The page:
Archive for January, 2010

3 String Beginner Guitar Chords C, G and D7

Wednesday, January 20th, 2010

When we start to learn guitar the thing on our minds is almost always chords. We want to learn to play songs that we know and we know that learning to play chords is what will get us there.

Today I’m going share with you some beginner guitar chords you can learn quickly. All three of these chords are three string chords, meaning they only require you to strum 3 strings and that’s it. So lets get going.

C Chord

E — 0 —
B — 1 —
G — 0 —
D — X —
A — X —
E — X —

A quick note about what the guitar tab means above. The X’s mean you do not strum that string, the 0′s mean to play that string open and a number refers to a particular fret that you press when strumming the 3 strings.

For this three string C chord you are pressing down on the first fret on the B string and playing the G and E strings open.

G Chord

E — 3 —
B — 0 —
G — 0 —
D — X —
A — X —
E — X —

To play the three string G chord you play the G and B strings open and the 3rd fret on the high E string.

D7 Chord

You will find the D7 chord a bit more challenging then the G and C chords we covered first. Why? Because you have to press on a fret on the three bottom strings at once.

E — 1 —
B — 2 —
G — 1 —
D — X —
A — X —
E — X —

For the D7 chord you must place your second finger on the 1st fret of the E string, your third finger on the 2nd fret of the B string and your first finger on the 1st fret of the G string.

This will feel uncomfortable at first but focus on using the tips of your fingers and keeping your thumb on the back of the neck. I give more explanation in the video below.

After watching the video below grab your guitar and give these three chords a try. Don’t get discouraged if at first you find it difficult, also don’t try to immediately switch between them while strumming. Before you trying strumming them and switching between chords ensure you can easily make the shape and strum the chord on it’s own.

To learn more beginner guitar chords fast why not try a learn to play guitar dvd? Self study dvd courses teach you beginner guitar skills at your own pace from the comfort of your own home.

Guitar Tricks Review Updated

Monday, January 11th, 2010

I just finished updating the Guitar Tricks review to include some of the more recent changes they’ve made, and my take on them.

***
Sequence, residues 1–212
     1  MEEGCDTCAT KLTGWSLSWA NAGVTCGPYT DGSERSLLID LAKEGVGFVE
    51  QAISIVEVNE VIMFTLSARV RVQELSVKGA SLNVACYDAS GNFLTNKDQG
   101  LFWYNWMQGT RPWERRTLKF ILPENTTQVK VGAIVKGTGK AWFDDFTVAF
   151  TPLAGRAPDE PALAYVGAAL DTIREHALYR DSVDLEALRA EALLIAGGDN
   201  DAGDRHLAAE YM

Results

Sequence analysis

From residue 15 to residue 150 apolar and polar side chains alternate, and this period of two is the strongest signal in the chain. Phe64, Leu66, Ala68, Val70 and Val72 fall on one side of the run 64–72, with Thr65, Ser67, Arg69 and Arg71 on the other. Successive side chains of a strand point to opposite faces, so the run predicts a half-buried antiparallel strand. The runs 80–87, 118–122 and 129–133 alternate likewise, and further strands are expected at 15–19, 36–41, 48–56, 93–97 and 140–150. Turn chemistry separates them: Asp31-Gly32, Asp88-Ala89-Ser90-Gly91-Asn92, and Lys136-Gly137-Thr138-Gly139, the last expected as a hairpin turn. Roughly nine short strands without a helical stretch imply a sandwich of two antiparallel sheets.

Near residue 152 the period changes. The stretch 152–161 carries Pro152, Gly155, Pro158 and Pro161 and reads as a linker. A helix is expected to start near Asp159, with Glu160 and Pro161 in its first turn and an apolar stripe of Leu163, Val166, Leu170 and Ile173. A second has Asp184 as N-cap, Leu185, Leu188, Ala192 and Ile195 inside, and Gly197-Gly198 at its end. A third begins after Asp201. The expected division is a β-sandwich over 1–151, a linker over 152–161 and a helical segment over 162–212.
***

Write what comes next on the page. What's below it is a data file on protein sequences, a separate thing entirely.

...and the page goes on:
Hopefully this will make it even easier to decide if is your best bet for learning guitar.

Tuning Your Guitar By Ear without an Electric Tuner

Wednesday, January 6th, 2010

Checking to ensure your guitar is in tune is something you should be doing each time you pick up your guitar. After all there are no chords or scales that sound correct when even one string is out of tune.

This brief lesson is going to cover how you can check to see if your guitar is in tune quickly each time you pick it up. We’re going to accomplish this not with an electric tuner but by choosing one particular string on the guitar neck and then tuning the rest of the strings to that string.

Of course there is a chance that none of your strings are in correct tune so even though you may get all your strings in tune with each other if you double check it against an electric tuner you may find all your strings are either higher or lower then they should be.

In order to tune correctly there are only two things you must remember.

  1. The 5th fret is the magic fret
  2. There is one exception on the G string for the 4th fret.

Let’s walk through a quick example. We’ll tune all of our guitar strings to the low E, or 6th string closest to you on the top.

Press the 5th fret on the low E string and play it. This note is an A, which is the same note as the 5th string below it, the A string. By playing the E string on the 5th fret you check to see if the A string below it is in tune. Go back and fourth between the E string on the 5th fret and the open A string below it. Note any pitch differences and adjust the A string either up or down using the tuning peg.

Next move to playing the 5th fret on the A string, this is a D note which matches up to the D string below the A string. As before go back and fourth between the 5th fret of the A string and the open D string. If the D string doesn’t sound like it matches the 5th fret of the A string then adjust its tuning either up or down.

Follow this same pattern for the tuning the G string to the 5th fret of the D string.

Now here is the one exception I mentioned. In order to tune the B string you must use the 4th fret on the G string. Why? Well because it’s the 4th string on the G string that makes a B note. This is the only exception you have to remember when tuning your guitar by ear.

To tune the high E, or first string again use the 5th fret technique explained above.

To get comfortable doing this I suggest each time you pick up your guitar you go through this exercise. It will become second nature pretty quick and you’ll find that in just a few seconds you can double check the tuning on your guitar without having to run for an electric tuner.

Want to progress further with your guitar skills? Why not consider taking some guitar lessons for beginners? You don’t have to sign up for private lessons or find a friend to teach you, there are lots of great online programs from online videos to dvd courses you can use to learn right from the comfort of your own home.